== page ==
This article focuses on representatives of the women who served God, and the people of God, in the important leadership role of prophet.1 But, before looking at their examples, one clarification needs to be made. Though prophets are well known in the ancient Near East as early as the patriarchal era, the distinction of their role from that of priest and judge/king in the Old Testament can be most clearly illustrated in the lives of Moses and Aaron at the time of the great redemptive event of the exodus. First, as the greatest of the Old Testament prophets, Moses delivered the word of God to the people of God at Mt. Sinai.2 His job as God’s prophet was to reveal the formative will of God for the new nation, to confront the ongoing sin of the people, and to promise blessing and hope for the future, if repentance and obedience are forthcoming. Second, as a judge, Moses both settled civil disputes3 and led the people in warfare when such actions were necessary.4Centuries later, the informal charismatic office of judge was replaced by a dynasty of kingsthat had essentially the same function, though expressed in a more formal and permanent structure. Third, in contrast to both prophet and judge/king, Aaron was chosen to begin a succession of priests who would be responsible for interceding on behalf of the people before God through the sacrificial system.5 They, along with their tribal cousins the Levites, also read the law of Moses to the people at the tabernacle (and later the temple) on Sabbath and other special holy days.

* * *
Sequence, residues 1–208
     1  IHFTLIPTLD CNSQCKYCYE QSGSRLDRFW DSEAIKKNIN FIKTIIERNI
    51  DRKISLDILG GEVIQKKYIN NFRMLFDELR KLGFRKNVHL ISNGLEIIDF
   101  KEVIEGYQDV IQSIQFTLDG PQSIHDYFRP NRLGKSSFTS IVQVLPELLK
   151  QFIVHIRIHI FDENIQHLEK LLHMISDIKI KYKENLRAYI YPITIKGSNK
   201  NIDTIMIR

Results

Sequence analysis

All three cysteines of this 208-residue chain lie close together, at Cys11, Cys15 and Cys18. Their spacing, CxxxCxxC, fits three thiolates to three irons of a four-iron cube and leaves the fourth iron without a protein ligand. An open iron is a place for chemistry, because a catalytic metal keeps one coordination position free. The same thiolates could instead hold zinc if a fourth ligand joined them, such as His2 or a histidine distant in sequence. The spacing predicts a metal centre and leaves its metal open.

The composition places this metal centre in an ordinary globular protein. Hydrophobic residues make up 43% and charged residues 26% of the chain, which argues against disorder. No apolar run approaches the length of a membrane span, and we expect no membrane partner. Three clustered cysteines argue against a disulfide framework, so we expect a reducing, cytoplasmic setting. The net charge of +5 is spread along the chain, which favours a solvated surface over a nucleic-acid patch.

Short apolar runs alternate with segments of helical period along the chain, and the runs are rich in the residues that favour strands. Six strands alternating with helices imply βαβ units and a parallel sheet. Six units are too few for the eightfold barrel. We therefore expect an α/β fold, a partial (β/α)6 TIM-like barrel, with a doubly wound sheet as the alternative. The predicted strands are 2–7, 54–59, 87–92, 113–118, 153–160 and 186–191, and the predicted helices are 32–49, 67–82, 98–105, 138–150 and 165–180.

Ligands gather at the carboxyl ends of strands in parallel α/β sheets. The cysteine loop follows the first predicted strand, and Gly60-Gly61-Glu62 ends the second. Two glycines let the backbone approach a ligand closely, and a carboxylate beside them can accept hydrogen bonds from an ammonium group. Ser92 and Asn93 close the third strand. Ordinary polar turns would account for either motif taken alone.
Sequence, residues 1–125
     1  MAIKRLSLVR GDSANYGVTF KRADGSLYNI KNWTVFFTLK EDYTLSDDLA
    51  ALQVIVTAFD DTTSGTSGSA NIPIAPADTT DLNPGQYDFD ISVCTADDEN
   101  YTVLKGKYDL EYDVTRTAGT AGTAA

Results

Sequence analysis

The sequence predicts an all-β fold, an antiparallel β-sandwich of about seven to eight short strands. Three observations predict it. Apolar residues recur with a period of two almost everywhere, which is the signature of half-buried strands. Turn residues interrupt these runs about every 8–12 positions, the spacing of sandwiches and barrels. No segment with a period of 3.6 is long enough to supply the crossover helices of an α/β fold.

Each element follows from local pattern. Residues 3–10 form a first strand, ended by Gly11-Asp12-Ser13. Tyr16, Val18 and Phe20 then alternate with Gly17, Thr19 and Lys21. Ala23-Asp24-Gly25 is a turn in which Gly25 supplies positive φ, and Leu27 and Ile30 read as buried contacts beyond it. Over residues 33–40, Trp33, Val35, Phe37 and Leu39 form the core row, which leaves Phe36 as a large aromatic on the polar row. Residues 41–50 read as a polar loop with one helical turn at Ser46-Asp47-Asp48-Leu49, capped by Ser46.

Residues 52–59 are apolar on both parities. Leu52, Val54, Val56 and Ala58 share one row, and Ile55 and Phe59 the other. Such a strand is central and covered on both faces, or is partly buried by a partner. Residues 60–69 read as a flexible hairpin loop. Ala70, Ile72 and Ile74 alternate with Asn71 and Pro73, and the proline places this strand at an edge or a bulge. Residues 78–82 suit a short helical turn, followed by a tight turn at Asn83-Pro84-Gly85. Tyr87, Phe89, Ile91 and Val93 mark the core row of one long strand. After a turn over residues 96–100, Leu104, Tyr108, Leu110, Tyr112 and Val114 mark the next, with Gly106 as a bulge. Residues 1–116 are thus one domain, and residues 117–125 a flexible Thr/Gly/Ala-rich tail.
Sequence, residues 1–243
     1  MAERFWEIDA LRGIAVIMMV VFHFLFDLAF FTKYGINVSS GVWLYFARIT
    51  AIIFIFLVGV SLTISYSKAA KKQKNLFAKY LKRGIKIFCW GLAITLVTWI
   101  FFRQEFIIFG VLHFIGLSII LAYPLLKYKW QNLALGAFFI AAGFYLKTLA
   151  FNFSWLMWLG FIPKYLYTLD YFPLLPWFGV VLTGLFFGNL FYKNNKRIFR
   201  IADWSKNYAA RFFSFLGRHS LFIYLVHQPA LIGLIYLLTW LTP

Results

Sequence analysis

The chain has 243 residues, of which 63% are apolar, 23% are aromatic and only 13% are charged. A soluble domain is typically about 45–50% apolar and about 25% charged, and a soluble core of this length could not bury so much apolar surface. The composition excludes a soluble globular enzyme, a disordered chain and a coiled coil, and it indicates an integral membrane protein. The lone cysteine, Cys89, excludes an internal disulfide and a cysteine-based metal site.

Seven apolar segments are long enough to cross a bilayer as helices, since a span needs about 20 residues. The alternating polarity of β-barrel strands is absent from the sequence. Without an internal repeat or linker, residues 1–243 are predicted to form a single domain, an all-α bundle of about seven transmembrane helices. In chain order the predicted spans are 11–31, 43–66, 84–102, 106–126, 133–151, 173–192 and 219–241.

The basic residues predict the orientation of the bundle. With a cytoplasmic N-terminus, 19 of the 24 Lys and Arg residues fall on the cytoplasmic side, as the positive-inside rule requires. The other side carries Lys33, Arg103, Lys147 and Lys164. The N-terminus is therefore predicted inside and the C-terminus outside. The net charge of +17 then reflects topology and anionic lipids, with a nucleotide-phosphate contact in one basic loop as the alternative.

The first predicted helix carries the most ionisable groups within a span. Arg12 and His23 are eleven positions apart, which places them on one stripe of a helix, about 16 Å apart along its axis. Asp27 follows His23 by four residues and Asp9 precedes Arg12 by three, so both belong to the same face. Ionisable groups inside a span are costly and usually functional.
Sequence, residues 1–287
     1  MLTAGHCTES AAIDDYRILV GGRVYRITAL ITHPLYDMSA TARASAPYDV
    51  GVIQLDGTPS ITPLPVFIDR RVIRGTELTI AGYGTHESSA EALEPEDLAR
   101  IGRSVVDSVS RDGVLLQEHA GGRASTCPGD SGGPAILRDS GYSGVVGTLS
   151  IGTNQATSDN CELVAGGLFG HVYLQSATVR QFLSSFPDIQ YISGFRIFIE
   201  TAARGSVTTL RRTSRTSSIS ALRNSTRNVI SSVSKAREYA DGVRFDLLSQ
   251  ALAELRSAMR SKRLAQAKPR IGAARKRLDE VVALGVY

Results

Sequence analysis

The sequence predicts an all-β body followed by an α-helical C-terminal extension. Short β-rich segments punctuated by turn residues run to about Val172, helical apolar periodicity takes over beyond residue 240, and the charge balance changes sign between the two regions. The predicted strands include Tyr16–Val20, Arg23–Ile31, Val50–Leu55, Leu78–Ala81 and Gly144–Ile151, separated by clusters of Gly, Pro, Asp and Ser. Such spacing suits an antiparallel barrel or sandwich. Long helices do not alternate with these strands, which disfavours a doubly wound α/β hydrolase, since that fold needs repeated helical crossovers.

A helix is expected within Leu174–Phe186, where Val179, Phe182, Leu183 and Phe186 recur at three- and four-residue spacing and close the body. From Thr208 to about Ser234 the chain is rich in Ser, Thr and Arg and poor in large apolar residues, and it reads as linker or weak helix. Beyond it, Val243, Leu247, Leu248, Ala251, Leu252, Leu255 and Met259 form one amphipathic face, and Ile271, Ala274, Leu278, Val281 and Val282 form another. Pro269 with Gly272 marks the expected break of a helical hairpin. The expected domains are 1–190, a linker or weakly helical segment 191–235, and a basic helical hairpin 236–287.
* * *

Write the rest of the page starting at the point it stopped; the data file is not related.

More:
Thus, the prophets spoke as God’s audible voice to the people, revealing God’s will, challenging God’s people to covenant loyalty, and foretelling the consequences of blessing or judgment depending on the people’s response to the prophet’s message. In this sense, their voices, masculine and feminine, were as authoritative as the sound of God’s voice that thundered forth on the lofty heights of Mt. Sinai. To be clear, it was not the prophets’ own authority, but rather the authority of the God on whose behalf they spoke.6 Nevertheless, given this awesome responsibility—sometimes described as a “burden”7 that the prophet carried—it is understandable why false prophets faced a death penalty for impersonating the real thing, and why true prophets were often reluctant to volunteer for the job. With these characteristics in mind, let us consider six examples of women who faithfully served God’s people as prophets throughout biblical history.